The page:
Another character who demonstrates a possible solution to one of the social issues shown is Sarah. In order to carry on her obviously difficult and otherwise rough life, Sarah concentrates on what good there is around her, making friends with people outside the poverty circle such as police officer Albrecht. Sarah is also shown not to partake in any of the crime that characterizes her home, such as drug use and violence. Sarah is a well-rounded child who uses her intelligence and street smarts to her advantage in order to better her chances of survival. To me, this says a possible solution to such social ills as poverty is to keep your chin up and think about the possibility of a brighter future. Be as strong as you can and use common sense to your advantage.

Not surprisingly, some of the “solutions” in the film to many of the social problems raise question. With regard to Eric’s character pointing out that Darla simply give up her drug addiction and take care of her daughter, this task will certainly not be that easy. Morphine is one of the most addictive substances a person can abuse, and turning around a life that years have been spent away in neglect of a child will be more than difficult to amend.

Concerning my implied solution of social justice by capital punishment or the death penalty to such social problems as murder and unwarranted violence presents the issue of controversy. Many people feel as if capital punishment or the killing of criminals is wrong, no matter what their crime(s). So here, the way in which this problem should be dealt with is an ongoing social debate and raises question regarding this “solution.”

As for Sarah’s solution to the problem of being the victim of child neglect and poverty, again, the solution is not as simple as it appears; at least not in real life. A life like Sarah’s is no cake walk, and living it usually leads to others problems such as a tendency for violence and crime, as the members of the Motor City Gang in the film could be examples. It is unrealistic to expect children, or anyone for that matter, living in conditions such as these to simply hope for something good to happen to them and rely on that to get them through each day.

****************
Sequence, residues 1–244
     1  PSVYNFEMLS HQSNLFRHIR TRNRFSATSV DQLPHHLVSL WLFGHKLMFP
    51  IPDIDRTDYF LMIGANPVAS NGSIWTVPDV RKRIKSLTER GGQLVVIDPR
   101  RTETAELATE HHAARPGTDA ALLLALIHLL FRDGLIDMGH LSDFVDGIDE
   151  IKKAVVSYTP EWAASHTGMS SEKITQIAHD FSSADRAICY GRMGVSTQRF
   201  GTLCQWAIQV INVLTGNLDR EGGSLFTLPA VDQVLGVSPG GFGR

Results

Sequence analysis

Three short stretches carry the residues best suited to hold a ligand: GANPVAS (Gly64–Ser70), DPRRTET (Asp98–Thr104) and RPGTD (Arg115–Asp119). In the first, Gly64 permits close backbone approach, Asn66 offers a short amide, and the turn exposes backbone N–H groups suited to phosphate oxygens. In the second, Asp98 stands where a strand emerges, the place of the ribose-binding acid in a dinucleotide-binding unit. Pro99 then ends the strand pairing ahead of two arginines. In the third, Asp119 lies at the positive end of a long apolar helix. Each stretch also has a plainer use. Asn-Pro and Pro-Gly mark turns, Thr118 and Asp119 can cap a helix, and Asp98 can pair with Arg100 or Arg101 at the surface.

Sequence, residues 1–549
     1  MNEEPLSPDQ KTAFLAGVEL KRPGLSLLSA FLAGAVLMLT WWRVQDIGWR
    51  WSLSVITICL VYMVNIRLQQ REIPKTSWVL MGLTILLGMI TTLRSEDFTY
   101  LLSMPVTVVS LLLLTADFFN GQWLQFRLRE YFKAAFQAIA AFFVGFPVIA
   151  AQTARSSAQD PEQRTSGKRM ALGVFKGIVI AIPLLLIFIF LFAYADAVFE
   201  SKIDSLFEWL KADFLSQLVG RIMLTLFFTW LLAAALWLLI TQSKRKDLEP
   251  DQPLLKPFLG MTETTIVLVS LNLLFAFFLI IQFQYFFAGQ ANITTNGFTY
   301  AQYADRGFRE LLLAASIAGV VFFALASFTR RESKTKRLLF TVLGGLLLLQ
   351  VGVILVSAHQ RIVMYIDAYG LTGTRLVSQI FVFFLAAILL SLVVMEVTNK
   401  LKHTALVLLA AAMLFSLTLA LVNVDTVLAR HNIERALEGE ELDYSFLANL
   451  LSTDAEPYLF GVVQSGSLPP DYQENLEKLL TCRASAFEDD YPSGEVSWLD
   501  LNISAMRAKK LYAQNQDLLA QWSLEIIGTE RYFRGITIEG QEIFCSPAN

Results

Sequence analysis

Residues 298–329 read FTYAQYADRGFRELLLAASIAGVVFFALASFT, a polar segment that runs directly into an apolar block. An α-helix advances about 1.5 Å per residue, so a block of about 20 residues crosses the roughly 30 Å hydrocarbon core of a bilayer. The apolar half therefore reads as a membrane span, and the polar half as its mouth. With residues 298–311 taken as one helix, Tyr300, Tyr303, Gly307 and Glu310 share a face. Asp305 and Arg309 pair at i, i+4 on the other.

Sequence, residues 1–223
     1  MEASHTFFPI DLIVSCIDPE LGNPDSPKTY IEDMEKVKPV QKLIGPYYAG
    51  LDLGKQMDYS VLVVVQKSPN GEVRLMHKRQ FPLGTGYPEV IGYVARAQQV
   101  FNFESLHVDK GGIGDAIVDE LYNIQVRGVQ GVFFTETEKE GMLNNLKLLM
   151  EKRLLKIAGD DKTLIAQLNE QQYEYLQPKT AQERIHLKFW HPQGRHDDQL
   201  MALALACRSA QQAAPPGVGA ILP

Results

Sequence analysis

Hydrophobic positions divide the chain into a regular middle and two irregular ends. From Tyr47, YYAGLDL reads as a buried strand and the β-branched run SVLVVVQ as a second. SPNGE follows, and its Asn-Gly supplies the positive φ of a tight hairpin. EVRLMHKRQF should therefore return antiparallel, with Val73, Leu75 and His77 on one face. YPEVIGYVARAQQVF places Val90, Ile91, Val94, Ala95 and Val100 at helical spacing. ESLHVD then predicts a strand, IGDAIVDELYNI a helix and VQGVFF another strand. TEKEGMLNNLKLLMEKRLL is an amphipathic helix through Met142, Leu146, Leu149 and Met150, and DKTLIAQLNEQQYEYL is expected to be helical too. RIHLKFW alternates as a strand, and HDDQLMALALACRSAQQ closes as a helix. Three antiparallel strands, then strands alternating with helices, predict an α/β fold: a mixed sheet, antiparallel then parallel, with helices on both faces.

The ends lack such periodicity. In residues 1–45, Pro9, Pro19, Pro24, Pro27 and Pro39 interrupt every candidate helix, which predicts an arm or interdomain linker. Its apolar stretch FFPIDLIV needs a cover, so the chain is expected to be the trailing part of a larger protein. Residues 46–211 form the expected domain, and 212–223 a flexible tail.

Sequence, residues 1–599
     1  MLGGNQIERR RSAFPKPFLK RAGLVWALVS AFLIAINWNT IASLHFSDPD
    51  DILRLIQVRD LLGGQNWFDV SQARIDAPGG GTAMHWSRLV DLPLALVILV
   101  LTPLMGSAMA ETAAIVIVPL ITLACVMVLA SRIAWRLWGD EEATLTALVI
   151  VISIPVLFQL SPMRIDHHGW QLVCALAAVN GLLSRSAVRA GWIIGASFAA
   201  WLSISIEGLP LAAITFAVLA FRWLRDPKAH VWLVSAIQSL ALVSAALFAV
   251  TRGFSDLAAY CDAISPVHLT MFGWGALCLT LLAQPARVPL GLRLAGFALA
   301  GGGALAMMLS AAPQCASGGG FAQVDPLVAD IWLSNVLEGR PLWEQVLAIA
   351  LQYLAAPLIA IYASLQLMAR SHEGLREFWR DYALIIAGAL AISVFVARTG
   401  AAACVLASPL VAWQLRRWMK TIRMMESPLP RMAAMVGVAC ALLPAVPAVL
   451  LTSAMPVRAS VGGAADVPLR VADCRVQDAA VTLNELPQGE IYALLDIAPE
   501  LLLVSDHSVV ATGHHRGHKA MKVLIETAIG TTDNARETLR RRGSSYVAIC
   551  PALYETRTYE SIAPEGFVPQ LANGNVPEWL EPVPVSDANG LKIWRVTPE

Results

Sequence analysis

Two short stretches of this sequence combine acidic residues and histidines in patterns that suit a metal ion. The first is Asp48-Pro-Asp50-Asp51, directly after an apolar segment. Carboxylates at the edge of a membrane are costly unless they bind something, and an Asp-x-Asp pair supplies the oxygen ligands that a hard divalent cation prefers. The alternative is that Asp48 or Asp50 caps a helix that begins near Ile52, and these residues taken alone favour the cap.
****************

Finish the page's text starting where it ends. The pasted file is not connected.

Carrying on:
Some other social problems that are easily linked with some of the ones mentioned here are gun violence, suicide and prostitution. I point out gun violence because gangs like the Motor City Gang are infamously known for using weapons such as guns for their operations, as drive-by shootings within many cities nationwide are not uncommon.

An example of suicide was not included in the film, however suicide is many times linked with such issues as poverty, financial instability (as a result of poverty), and abuse, and is certainly a serious issue that afflicts our society now.

Finally prostitution, another issue not depicted in the film, but definitely a problem often initiated by poor home conditions and abuse.

Although “The Crow” is a fictionalized story, many, if not all of its depictions of various social ills are extremely realistic and true. In watching the film, it’s easy to simply view it as just some writer or director’s vision of a man granted immortality to seek revenge on a bunch of scummy, low life men who killed him and his girlfriend in a bloody mess a year before. If you take away the pure entertainment quality of the film you can really see that so much of what is shown is actually happening in our society today, and probably the real life occurrence of much of the inspiration came directly from observation of cities in our nation. Truly the feeling is scary that something that seems so unrealistic at first, is really not just much makeup and special effects but what’s really out there on our streets, in our homes and all around us.

Overall, excellent, excellent film.

1 comment so far

The writer makes some very good points here. I have seen the film a few times, and I feel the producers were in fact trying to highlight the same issues that the writer has brought up. It’s hard these days to find movies of this ilk that do something besides glorify violence and depravity. I would also recommend this film as a study of very real social trends in times of need.